We had an awesome time snorkeling with these sharks in Raja Ampat. When we pulled up to the dock at Wayag Island these guys were already cruising in the shallows… obviously they are used to the presence of humans, but they were still curious and a couple of times they got a little closer than I would like. But what an amazing experience.
Thank you Deni and the Raja Ampat Adventures crew!
I’m going to try to start posting Pics of the Week again….we’ll see how it goes.
The sunsets were absolutely wild in Nepal….especially in Sauraha. I’ve never seen colors like these.
They must be doing something right at the Elephant Breeding Center because there were quite a few little elephants running around….some of them a little naughtier than others.
The Elephant Breeding Center is a short bike ride from “downtown” Sauraha and it’s a pretty bike ride too…through rice paddies and traditional villages. A glimpse into Nepali life.
And there is a fun bridge you get to cross too.
If you’re planning on going to the breeding center make sure you go at feeding time. During the day the elephants head out to the fields to eat, collect feed, etc. I don’t even think they’ll let you in to the center outside of feeding time, so ask around about the schedule. I feel like we went in the late afternoon. It’s pretty fun to watch the babies eat….they get food everywhere.
A bike rental for a couple hours should only be a dollar or two (remember to bargain) and the entrance to the center is pretty cheap too…just a couple of bucks, but I don’t remember the exact amount.
For some reason I thought being on a “safari” meant sitting on your ass with binoculars in hand…..”safari” in Nepal means something completely different…it means getting close to dozing rhinos (don’t worry if you’re upwind or is it downwind?), chasing after sloth bears (why are we running?) and napping in head high grass (are we baiting tigers with our own bodies?)….somehow I lost my ability to keep my own safety in mind. I’m sure our guides were perfectly capable of protecting us with their walking sticks.
Well…we picked the worst day of the year to go on safari….it poured, and I mean poured. We were soaked within minutes, maybe even seconds… and this was within the first hour. Apparently when it’s cool the animals don’t like to come out. Fortunately, this “friendly” rhino caught our attention when we were on our 2 hour canoe trip…we also saw a couple of spotted deer, a crocodile, and a handful of peacocks.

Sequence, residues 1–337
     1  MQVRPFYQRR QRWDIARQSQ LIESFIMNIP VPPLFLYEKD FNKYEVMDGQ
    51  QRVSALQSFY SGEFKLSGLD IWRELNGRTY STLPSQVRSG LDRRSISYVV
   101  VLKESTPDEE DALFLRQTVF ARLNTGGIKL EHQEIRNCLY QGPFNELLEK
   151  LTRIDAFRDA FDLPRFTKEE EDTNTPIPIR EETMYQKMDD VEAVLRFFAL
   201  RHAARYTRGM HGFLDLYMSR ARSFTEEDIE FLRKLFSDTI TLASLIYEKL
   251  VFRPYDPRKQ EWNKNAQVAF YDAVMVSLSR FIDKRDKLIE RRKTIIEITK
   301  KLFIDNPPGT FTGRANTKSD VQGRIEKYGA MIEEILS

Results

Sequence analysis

Between storms we took breaks at a couple of different places….one was a viewing platform set high above the grass complete with sloth bear scat!!! Maybe it was from the same sloth bear we saw in the forest. Anyway, the sky eventually cleared and we were able to walk through the grass plains in search of animals.
Although the Terai grasslands started to heat up in the afternoon sun, the animals weren’t coming out…and we searched high and low.
With no luck in the grasslands we headed back into the forest to search some more….then we went to the river to search some more….no tigers, but I was pretty thrilled to see all the other cool animals in the wild: rhino, sloth bear, peacocks, crocodiles and spotted deer.
I wish I could have gotten a picture of the sloth bear. Unfortunately it is hard to focus a camera while running though the forest at a moving target. Sloth bears are even more rare than tigers in the park…in fact, there are so few and they’re so elusive that they aren’t sure how many are still around. (NOTE: Sloth bear does not equal Sloth)
Note: Headed to Royal Chitwan National Park? All the accommodation within park bounds is now closed. There are TONS of places for EVERY budget in Sauraha. We stayed at a cheapie called Wendy’s on the road into town for about $5/night for 3 people. Our room was definitely spacious, but was unbearably musty, but we didn’t spend much time in our room anyway.
Also: We booked our guides through the guide cooperative. We had two guides, both were very knowledgeable and the younger of the two had great eyes. He could spot animals from really far away.
Also, bring some money for a tip….the guides will suggest you tip the boatman (a couple hundred rupees will do) and if your guides do a good job, they’ll appreciate the extra money too.
Also, pack your Rain Jacket and make sure it is actually waterproof, my Nepali made “North Face” that I picked up in Pokhara after a mouse chewed through my Patagonia jacket held up surprisingly well, while Steve’s Columbia Jacket was soaked through within minutes. Be prepared for mud and puddles too. All of our boots held up pretty well….our feet got wet, but it was from the rain running down our legs and filling our shoes from the top….wish I had rain pants too…lol.
Here’s a video Steve put together from our ridiculous rafting trip. Rafting down the Padas River in Sabah, Borneo was amazing. I’m so happy our friend Mauro convinced us to join him….not that it took much convincing.